Searching for Humanity in the Middle East
We’re living through an era of collapsing paradigms. The conceptual frames that many people use to organize their understanding of the world are crashing and burning upon contact with Middle Eastern reality.
The first paradigm that failed last month was critical race theory or woke-ism. In any situation, there are evil people who are colonizer/oppressors and good people who are colonized/oppressed. It’s not necessary to know about the particular facts about any global conflict, because of intersectionality: All struggles are part of the same struggle between the oppressors and the oppressed.
原來 我 是 妖 二 代
American universities exist to give students the conceptual tools to understand the world. It appears that at many universities, students are instead being fed simplistic ideological categories that blind them to reality.
The second paradigm that fell apart this month was what you might call “pogromism.” This is the belief, common in Jewish communities around the world, that you can draw a straight line from the many antisemitic massacres in ancient history, through the pogroms of the 19th century, through the Holocaust and up to the Hamas massacres of today.
The third conceptual paradigm under threat is the one I have generally used to organize how I see the Middle East conflict: the two-state paradigm. This paradigm is based on the notion that this conflict will end when there are two states with two peoples living side by side. People like me see events in the Middle East as tactical moves each side is taking to secure the best eventual outcome for themselves.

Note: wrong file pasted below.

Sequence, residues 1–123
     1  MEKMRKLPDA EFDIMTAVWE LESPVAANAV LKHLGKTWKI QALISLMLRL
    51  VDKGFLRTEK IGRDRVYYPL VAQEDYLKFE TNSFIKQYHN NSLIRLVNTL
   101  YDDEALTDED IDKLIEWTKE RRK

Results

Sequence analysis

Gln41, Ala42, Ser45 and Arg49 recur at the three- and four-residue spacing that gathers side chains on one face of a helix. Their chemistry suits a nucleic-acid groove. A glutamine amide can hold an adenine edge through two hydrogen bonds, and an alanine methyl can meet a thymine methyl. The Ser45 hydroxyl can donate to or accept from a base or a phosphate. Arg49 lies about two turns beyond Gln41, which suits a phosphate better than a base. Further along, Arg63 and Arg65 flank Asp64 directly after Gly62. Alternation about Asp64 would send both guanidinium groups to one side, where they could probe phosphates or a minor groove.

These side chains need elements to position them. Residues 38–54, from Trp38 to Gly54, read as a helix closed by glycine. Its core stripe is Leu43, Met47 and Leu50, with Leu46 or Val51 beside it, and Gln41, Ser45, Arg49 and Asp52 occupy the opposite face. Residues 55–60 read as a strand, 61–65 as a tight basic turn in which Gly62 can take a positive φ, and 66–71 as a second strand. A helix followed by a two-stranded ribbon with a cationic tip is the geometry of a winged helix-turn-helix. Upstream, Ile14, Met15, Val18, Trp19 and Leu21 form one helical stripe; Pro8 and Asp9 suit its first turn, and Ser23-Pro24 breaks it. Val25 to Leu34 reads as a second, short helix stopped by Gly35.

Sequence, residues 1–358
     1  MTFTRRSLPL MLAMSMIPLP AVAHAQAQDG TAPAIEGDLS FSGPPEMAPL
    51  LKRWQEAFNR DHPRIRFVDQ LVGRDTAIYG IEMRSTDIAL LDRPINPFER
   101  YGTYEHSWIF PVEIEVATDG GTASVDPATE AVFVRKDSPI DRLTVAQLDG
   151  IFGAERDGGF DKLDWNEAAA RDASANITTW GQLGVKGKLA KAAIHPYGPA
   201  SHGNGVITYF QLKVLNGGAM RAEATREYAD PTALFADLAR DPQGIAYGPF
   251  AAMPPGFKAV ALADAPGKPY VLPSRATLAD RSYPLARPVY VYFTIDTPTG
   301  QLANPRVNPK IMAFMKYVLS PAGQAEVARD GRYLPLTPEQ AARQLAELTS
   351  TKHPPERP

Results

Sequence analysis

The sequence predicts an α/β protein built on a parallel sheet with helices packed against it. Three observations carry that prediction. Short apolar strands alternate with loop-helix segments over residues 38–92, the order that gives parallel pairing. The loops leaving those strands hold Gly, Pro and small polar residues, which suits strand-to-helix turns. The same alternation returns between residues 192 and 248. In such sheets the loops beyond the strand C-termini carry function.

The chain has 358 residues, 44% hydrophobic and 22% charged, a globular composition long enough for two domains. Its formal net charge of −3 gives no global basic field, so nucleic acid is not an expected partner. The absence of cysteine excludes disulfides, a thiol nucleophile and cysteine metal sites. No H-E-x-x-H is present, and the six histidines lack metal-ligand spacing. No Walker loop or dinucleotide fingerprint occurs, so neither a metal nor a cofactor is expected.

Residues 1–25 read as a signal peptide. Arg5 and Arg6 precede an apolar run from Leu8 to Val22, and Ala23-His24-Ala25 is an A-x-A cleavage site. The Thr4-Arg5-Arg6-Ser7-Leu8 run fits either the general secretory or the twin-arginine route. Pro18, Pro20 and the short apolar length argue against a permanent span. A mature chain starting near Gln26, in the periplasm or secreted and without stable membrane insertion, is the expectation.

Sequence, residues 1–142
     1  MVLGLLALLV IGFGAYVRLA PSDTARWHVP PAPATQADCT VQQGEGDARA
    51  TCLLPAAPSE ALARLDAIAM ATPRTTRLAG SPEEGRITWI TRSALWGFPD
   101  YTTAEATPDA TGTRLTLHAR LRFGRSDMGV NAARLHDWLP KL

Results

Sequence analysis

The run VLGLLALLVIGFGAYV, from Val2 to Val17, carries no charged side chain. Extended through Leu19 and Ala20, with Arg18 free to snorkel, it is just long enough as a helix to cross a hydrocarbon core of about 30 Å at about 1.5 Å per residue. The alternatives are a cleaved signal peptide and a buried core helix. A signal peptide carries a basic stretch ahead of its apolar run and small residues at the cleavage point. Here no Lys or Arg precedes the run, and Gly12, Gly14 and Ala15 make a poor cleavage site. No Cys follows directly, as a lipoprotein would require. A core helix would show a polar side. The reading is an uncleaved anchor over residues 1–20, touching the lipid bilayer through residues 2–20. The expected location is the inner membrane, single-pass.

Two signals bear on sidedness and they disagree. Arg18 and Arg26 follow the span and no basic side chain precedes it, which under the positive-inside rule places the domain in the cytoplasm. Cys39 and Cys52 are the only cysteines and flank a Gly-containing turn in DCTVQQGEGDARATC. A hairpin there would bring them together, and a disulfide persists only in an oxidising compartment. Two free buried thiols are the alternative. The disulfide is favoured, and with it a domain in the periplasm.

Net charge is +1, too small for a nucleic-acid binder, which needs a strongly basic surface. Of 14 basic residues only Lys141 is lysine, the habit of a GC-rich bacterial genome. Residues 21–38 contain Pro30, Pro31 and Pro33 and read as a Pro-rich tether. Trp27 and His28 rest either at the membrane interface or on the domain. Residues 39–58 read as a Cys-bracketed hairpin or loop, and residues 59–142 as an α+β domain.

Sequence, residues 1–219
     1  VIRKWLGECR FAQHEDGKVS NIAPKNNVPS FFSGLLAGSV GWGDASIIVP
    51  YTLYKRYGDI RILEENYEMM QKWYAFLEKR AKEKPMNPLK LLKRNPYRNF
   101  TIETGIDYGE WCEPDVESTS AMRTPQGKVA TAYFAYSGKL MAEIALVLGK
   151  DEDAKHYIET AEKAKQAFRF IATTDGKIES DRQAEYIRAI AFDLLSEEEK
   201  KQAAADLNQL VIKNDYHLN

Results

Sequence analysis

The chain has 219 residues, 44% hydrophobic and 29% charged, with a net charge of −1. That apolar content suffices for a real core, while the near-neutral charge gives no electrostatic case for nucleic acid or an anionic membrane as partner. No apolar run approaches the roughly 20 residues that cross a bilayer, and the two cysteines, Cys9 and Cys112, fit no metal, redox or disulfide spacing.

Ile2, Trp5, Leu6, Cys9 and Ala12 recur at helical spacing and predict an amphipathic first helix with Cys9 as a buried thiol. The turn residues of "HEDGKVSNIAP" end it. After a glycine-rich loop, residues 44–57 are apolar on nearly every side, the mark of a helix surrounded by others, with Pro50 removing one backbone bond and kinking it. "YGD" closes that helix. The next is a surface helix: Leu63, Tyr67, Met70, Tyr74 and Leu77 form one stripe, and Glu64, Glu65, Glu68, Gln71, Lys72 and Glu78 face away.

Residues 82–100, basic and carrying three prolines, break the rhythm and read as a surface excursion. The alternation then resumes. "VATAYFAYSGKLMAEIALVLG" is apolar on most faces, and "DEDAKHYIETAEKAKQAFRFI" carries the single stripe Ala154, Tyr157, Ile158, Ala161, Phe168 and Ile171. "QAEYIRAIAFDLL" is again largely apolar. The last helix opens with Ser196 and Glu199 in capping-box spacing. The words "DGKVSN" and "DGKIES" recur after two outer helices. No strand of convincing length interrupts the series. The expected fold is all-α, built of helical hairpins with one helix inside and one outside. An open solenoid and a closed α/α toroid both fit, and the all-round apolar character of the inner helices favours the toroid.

The worldview that has been buttressed by last month’s events is unfortunately the one I find loathsome. You can call it authoritarian nihilism, which binds Donald Trump, Vladimir Putin and other strongmen: that we live in a dog-eat-dog world; life is a competition to grab what you can; power is what matters; morality, decency, gentleness, and international norms are luxuries we cannot afford because our enemies are out to destroy us; and we need to be led by ruthless amoralists to take on the ruthless amoralists who seek to take us down.
Some events alter the models we use to perceive reality, and the events of Oct. 7 fit that category. It feels as if we’re teetering between universalist worldviews that recognize our common humanity and tribal worldviews in which others are just animals to be annihilated. What Israel does next will influence what worldview prevails in the 21st century.
文／David Brooks 譯／羅方妤